Loglinear Contingency Table Analysis Karl L. Wuensch Dept of Psychology East Carolina University
Model Selection Loglinear HILOGLINEAR happy(1 2) marital(1 3) /CRITERIA ITERATION(20) DELTA(0) /PRINT=FREQ ASSOCIATION ESTIM /DESIGN. • No cells with count = 0, so no need to add .5 to each cell. • Saturated model = happy, marital, Happy x Marital
The Model Fits the Data Perfectly, Chi-Square = 0 • The smaller the Chi-Square, the better the fit between model and data.
Both One- and Two-Way Effects Are Significant • The LR Chi-Square for Happy x Marital has the same value we got with Crosstabs
The Model: Parameter Mu • LN(cell freq)ij = + i + j + ij • We are predicting natural logs of the cell counts. • is the natural log of the geometric mean of the expected cell frequencies. • For our data, and LN(154.3429) = 5.0392
The Model: Lambda Parameters • LN(cell freq)ij = + i + j + ij • i is the parameter associated with being at level i of the row variable. • There will be (r-1) such parameters for r rows, • And (c-1) lambda parameters, j, for c columns, • And (r-1)(c-1) lambda parameters, for the interaction, ij.
Main Effect of Marital Status • For Marital = 1 (married), = +.397 • for Marital = 2 (single), = ‑.415 • For each effect, the lambda coefficients must sum to zero, so • For Marital = 3 (split), = 0 ‑ (.397 ‑ .415) = .018.
Main Effect of Happy • For Happy = 1 (yes), = +.885 • Accordingly, for Happy =2 (no), is ‑.885.
Happy x Marital • For cell 1,1 (Happy, Married), = +.346 • So for [Unhappy, Married], = -.346 • For cell 1,2 (Happy, Single), = -.111 • So for [Unhappy, Single], = +.111 • For cell 1,3 (Happy, Split), = 0 ‑ (.346 ‑ .111) = ‑.235 • And for [Unhappy, Split], = 0 ‑ (‑.235) = +.235.
Interpreting the Interaction Parameters • For (Happy, Married), = +.346 There are more scores in that cell than would be expected from the marginal counts. • For (Happy, Split), = 0 ‑.235 There are fewer scores in that cell than would be expected from the marginal counts.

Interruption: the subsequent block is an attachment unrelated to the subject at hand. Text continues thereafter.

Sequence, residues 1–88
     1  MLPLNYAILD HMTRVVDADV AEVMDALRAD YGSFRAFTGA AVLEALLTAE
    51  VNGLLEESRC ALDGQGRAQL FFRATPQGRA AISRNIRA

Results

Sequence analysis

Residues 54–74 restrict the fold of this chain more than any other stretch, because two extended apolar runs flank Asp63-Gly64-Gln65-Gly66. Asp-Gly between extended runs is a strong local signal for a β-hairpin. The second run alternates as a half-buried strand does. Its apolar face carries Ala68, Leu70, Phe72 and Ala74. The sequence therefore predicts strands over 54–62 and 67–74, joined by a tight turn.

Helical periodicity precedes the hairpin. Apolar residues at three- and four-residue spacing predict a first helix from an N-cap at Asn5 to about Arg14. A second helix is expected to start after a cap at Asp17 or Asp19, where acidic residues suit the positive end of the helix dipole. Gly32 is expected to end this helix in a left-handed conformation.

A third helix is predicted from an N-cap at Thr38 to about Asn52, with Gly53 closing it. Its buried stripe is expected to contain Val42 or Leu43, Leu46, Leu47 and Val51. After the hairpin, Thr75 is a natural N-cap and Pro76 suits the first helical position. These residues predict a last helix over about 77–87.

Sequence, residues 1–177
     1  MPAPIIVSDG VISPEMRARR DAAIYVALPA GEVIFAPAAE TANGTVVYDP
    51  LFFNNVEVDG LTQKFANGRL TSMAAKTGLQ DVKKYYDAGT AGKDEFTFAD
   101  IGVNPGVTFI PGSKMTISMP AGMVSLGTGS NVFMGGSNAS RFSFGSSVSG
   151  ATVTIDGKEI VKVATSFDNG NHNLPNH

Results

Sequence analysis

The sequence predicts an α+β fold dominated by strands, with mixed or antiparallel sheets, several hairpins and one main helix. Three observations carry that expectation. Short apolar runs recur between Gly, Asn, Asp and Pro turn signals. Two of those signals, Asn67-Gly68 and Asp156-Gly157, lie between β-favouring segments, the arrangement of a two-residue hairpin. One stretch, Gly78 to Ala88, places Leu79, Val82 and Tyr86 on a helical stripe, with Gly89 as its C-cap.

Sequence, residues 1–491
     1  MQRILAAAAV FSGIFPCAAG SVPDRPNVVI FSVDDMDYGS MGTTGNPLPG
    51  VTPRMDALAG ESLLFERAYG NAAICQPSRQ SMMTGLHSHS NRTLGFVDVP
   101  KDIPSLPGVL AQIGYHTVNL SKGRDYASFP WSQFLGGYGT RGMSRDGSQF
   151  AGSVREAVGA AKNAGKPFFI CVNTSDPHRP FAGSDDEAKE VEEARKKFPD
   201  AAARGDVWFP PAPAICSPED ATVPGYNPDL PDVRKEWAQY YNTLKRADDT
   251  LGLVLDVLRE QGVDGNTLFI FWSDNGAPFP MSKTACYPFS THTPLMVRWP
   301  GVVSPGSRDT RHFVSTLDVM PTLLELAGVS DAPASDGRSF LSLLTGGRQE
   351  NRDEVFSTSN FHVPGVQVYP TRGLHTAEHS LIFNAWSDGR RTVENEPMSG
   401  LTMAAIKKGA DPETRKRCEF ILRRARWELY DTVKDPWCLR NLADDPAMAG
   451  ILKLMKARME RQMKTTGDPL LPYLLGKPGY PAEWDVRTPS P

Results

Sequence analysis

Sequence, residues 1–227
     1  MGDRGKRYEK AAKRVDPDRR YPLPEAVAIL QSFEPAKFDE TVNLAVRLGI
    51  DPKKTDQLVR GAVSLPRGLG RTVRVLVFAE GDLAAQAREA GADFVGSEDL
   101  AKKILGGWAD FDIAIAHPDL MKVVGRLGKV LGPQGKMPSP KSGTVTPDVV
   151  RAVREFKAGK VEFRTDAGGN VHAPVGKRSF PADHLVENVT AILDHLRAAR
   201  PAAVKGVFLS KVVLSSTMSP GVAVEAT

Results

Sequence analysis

Predicting Cell Counts • Married, Happy e(5.0392 + .397 +.885 +.346) = 786 (within rounding error of the actual frequency, 787) • Split, Unhappy e(5.0392 + .018 -.885 +.235) =82, the actual frequency.
Testing the Parameters • The null is that lambda is zero. • Divide by standard error to get a z score. • Every one of our effects has at least one significant parameter. • We really should not drop any of the effects from the model, but, for pedagogical purposes, ………
Drop Happy x Marital From the Model HILOGLINEAR happy(1 2) marital(1 3) /CRITERIA ITERATION(20) DELTA(0) /PRINT=FREQ RESID ASSOCIATION ESTIM /DESIGN happy marital. • Notice that the design statement does not include the interaction term.
Uh-Oh, Big Residuals • A main effects only model does a poor job of predicting the cell counts.
Big Chi-Square = Poor Fit • Notice that the amount by which the Chi-Square increased = the value of Chi-Square we got earlier for the interaction term.
Pairwise Comparisons • Break down the 3 x 2 table into three 2 x 2 tables. • Married folks report being happy significantly more often than do single persons or divorced persons. • The difference between single and divorced persons falls short of statistical significance.
SPSS Loglinear LOGLINEAR Happy(1,2) Marital(1,3) / CRITERIA=Delta(0) / PRINT=DEFAULT ESTIM / DESIGN=Happy Marital Happy by Marital. • Replicates the analysis we just did using Hiloglinear. • More later on the differences between Loglinear and Hiloglinear.
SAS Catmod options pageno=min nodateformdlim='-'; data happy; input Happy Marital count; cards; 1 1 787 1 2 221 1 3 301 2 1 67 2 2 47 2 3 82 proccatmod; weight count; model Happy*Marital = _response_; Loglin Happy|Marital; run;
PASW GENLOG GENLOG happy marital /MODEL=POISSON /PRINT=FREQ DESIGN ESTIM CORR COV /PLOT=NONE /CRITERIA=CIN(95) ITERATE(20) CONVERGE(0.001) DELTA(0) /DESIGN.
GENLOG Coding • Uses dummy coding, not effects coding. • Dummy = One level versus reference level • Effects = One level versus versus grand mean • I don’t like it.
Catmod Output • Parameter estimates same as those with Hilog and loglinear. • For the tests of these paramaters, SAS’ Chi-Square = the square of the z from PASW. • I don’t know how the entries in the ML ANOVA table were computed.